I delivered twins by C-section at 33 1/2 weeks after being admitted into the hospital with severe stomach pain and vomiting. I was diagnosed with pancreatitis and was in ICU for 2 weeks. My condition worsened and I eventually was given a blood transfusion which ultimately saved my life.
Medical history: (1) Crohn's disease diagnosed in 1992 and 3 feet of small intestine removed in Dec. 1995 after repeated bowel obstructions. I have been asymptomatic since Dec. 1995 and have required no medications. I've had 2 follow up colonoscopies in the last 8 years; both showed no signs of Crohns. (2) I had my gallbladder removed two months prior to becoming pregnant (gallbladder removed March 26th, 2003, pregnant by in vitro fertilization May 21st). (3) Two weeks prior to my C-section, I was diagnosed with a liver problem that caused severe itching and I was treated with steroids and other meds. (4) I continued taking my anti-depressants during my pregnancy (20 mg. Prozac and 200 mg. Wellbutrin). I had been on those meds since 1999. I do not drink, smoke or take any drugs other than the anti-depressants.
I have tried to research pancreatitis during pregnancy to determine if it was something I did (eating habits, exercise, etc.) that caused the pancreatitis, but I am getting no answers. Can you help explain the disease and give an opinion as to why I may have gotten it based on the information provided?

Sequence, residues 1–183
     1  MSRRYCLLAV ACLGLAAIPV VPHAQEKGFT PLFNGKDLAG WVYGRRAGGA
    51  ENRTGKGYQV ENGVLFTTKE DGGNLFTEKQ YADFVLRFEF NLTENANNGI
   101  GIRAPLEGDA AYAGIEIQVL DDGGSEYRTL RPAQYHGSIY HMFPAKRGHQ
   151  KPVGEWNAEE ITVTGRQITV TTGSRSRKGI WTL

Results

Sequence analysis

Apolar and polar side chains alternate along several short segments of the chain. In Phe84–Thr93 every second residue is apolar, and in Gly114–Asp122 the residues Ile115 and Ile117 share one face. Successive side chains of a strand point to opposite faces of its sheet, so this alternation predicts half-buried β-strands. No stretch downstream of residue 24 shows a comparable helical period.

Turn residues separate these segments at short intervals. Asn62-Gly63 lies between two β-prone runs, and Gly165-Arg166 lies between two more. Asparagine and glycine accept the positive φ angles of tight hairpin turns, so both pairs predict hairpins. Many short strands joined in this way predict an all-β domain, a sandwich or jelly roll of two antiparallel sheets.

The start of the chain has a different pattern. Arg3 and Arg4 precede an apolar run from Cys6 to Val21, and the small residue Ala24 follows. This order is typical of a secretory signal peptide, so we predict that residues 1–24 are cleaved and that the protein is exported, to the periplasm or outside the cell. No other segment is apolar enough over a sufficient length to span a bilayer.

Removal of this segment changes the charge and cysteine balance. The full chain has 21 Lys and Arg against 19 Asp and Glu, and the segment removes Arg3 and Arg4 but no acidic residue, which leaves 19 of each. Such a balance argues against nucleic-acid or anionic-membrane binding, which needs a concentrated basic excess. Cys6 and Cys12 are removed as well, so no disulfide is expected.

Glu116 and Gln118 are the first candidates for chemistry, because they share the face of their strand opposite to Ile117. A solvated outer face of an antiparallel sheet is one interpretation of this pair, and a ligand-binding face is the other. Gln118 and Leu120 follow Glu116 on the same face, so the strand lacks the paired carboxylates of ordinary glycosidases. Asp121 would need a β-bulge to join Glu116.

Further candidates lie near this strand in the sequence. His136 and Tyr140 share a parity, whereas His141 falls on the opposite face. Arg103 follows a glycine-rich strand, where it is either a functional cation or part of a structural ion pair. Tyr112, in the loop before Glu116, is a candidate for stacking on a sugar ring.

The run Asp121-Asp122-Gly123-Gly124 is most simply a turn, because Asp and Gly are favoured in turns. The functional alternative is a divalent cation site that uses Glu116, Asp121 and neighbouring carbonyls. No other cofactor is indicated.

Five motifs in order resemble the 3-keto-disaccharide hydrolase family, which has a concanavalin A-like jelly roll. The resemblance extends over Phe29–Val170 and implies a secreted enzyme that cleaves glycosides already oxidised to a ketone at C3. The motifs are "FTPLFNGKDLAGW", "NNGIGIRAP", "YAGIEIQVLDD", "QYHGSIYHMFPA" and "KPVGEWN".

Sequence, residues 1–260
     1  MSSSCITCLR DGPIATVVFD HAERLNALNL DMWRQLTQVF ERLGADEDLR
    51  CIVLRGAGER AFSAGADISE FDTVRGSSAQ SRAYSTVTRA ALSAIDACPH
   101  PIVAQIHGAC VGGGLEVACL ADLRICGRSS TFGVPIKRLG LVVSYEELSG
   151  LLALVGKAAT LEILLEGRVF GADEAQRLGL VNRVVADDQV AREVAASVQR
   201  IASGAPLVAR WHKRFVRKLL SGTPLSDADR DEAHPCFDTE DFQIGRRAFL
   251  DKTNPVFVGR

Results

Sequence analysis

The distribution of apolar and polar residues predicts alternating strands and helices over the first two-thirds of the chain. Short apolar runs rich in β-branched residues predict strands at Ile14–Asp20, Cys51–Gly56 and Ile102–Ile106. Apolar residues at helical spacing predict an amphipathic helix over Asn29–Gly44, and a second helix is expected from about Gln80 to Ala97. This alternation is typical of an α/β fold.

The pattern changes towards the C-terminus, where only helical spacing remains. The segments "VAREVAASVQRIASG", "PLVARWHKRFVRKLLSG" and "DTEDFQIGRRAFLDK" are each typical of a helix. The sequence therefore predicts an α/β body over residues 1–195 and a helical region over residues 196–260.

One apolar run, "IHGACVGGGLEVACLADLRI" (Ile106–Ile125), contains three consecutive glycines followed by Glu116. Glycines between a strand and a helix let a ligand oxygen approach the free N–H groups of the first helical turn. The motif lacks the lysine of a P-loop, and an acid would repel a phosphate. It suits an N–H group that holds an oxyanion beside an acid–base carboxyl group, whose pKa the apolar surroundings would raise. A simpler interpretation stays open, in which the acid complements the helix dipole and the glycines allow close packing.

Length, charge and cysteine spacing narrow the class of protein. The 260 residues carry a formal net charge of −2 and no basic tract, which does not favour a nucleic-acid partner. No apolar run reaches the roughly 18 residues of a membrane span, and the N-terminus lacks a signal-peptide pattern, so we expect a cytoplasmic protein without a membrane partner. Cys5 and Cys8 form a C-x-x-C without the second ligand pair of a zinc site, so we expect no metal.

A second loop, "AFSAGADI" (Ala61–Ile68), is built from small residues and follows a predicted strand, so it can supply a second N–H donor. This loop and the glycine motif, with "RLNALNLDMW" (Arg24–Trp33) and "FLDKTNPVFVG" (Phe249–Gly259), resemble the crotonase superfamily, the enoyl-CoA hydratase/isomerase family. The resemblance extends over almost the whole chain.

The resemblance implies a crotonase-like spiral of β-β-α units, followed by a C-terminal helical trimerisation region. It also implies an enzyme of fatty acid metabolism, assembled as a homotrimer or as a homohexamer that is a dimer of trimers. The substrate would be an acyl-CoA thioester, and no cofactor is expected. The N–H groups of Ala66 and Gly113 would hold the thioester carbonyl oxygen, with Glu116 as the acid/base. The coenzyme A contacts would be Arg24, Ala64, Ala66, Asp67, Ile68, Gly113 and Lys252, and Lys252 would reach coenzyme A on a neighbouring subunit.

Acute pancreatitis refers to inflammation of the pancreas and is associated with sudden onset of severe abdominal pain. It usually develops as a result of passage of gallstones through the common bile duct or after regular consumption of alcohol for a number of years. Several additional causes of acute pancreatitis have been described due to a variety of drugs, genetic diseases, and other types of injury to the pancreas.
Most common causes are alcohol and gallstones. I am not aware of a direct connection bewteen acute pancreatitis and pregnancy. Up to 1/3 of cases have no clear cause.
One consideration is that pregnancy increases the risk of gallstones. It is possible that this increased risk lead to gallstone formation with subsequent pancreatitis as a complication.
Followup with your personal physician is essential.
This answer is not intended as and does not substitute for medical advice - the information presented is for patient education only. Please see your personal physician for further evaluation of your individual case.
Chari et al. Patient information: Acute pancreatitis. UptoDate, 2004.
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